Overview

Located in the heart of the North Island, Pureora Forest Park is a mix of virgin, regenerating and exotic forest hosting such unexpected scenes as ancient trees crowding out a timber-miller’s tractor abandoned in the bush. Traversing this deep wilderness is an 87-kilometre trail (part of the NZ Cycle Trail) revealing not only awe-inspiring beauty but also stories of how this special place has changed over the ages.

Riding the trail

The Timber Trail follows the path of old logging roads and tramlines, linked and smoothed using modern trail-building techniques. It runs between the tiny settlements of Pureora and Ongarue, with similarly small Piropiro around the halfway mark. Limited road access and remoteness make a two-day, one-way ride the most rewarding approach, starting in the north at Pureora.

After an easy warm up through a precious remnant of native forest near Pureora Visitor Centre, the trail gains 350m elevation in a steady fashion up Mt Pureora before it tracks predominantly downhill across the western flanks of the Hauhungaroa Range, its gorges spanned by eight of the highest and longest suspension bridges in New Zealand.

The first day’s ride usually ends at Piropiro Flats where there’s a basic campground, cycle access to Black Fern Lodge, and shuttle pick-up point for accommodation further afield.

The second day is easier and features mixed forest, various huts and bridges, and the ghostly terminus of the Ongarue Tramway that the trail follows through cuttings and around the nationally significant ‘spiral’.

The trail ends at Ongarue where riders can be collected by pre-arranged shuttle. Fit riders may continue onward for 26km to Taumarunui along an undulating rural road.

The trail can also be ridden as a one-day ride by choosing one section only, or by taking a return trip from one of the three main access points. Hardy riders can also complete the whole trail in one day.

View trail map here.

See also

  • Timber Trail Itinerary
  • Useful websites

    • Hamilton & Waikato Tourism
    • Visit Ruapehu
    • Be prepared

      While the Timber Trail’s predominantly wide and smooth surface classifies much of it as grade 2 (easy). Some decent climbs and trickier sections, however, push it to grade 3 (intermediate) and make it most suitable for reasonably fit, experienced cyclists with a ship-shape mountain bike, toolkit and basic mechanical skills.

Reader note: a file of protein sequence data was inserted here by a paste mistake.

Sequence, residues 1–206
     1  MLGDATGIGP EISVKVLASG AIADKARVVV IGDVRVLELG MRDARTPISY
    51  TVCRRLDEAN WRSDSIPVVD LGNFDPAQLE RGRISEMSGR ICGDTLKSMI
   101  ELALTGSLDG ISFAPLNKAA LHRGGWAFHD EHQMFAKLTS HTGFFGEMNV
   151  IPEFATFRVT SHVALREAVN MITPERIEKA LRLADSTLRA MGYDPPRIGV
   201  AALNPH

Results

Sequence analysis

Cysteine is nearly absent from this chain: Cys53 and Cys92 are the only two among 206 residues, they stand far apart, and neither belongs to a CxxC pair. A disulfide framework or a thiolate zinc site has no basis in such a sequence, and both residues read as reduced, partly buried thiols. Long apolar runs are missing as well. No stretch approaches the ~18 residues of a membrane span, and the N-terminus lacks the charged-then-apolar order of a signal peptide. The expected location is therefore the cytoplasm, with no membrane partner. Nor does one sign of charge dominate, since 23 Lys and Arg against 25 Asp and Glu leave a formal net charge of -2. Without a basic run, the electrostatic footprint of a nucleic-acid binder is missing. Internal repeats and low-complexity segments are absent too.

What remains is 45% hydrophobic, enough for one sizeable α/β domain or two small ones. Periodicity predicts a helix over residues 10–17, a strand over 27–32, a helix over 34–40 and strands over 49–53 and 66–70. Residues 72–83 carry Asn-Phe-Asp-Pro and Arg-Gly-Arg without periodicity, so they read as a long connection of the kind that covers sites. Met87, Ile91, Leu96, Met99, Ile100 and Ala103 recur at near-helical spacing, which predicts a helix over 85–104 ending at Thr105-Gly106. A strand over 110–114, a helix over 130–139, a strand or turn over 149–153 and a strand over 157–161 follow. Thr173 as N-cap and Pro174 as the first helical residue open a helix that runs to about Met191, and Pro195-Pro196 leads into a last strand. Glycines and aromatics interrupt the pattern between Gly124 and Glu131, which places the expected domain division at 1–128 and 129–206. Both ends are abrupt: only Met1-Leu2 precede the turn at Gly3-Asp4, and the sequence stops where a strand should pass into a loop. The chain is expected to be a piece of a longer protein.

Although the trail is well signposted, riders should carry a map, cellphone (although coverage is patchy) and consider hiring personal locator beacon (PLB). Riders should also take plenty of food and water; there are water supplies along the way for topping up, and toilets at convenient intervals.

      The trail passes through a mountain environment with a highpoint 980m above sea level, so warm clothing and wet weather gear are essential regardless of the forecast.

      Transport & tours

      Bike hire, shuttles and accommodation can be arranged with Timber Trail Shuttle in Ongarue, Epic Cycle Adventures in Taumaranui, and Adventure Shuttles in Taupo. Taupo-based Tread Routes offer shuttles, hire and fully guided tours across various North Island cycle trails.

      Accommodation

      There are Department of Conservation campsites at Pureora and Piropiro. Lodging is available at Black Fern Lodge near Piropiro, and various other guesthouses in the surrounding countryside. The larger towns of Taumaranui, Te Kuiti and Taupo are all within an hour’s drive of the trail.

      Useful links

      The Timber Trail - the offical trail website

      More tracks and trails around The Timber Trail
      Hamilton & Waikato Tourism
      Destination Great Lake Taupo
      Visit Ruapehu

      Trail map

      Locate Me
      Get Directions
      Back

      79.859 km / 49.622 mi

      Total Distance

      922 m / 3,024 ft

      Total Ascent

      1,295 m / 4,249 ft

      Total Descent

      979 m / 3,212 ft

      Highest Point

      Ride type:
      Sightseeing
      Mountain biking
      Road riding
      Commuter
      Kid friendly
      Rail Trail
      Difficulty: Intermediate (Red)
      Ride Duration: Full day
      Fitness Level: Medium
      MTB Segment: cross country
      Terrain:
      Shared Bike Path - Paved
      Shared Bike Path - Dirt
      On-Road Bike Lane
      On-Road
      Off-Road - Fire Trail
      Off-Road - Rail Trail
      Off-Road - Single Track
      Off-Road - Downhill
      Trail Signage: Good
      Mobile Coverage: Limited
      Estimated Distance: 85.0
      Services:
      Water
      Food
      First Aid
      Toilets
      Bike hire facilities
      Carparking
      Bike servicing
      Accessible by bike
      Accessible by car
      Accessible by public transport
      Accessible by shuttle / uber
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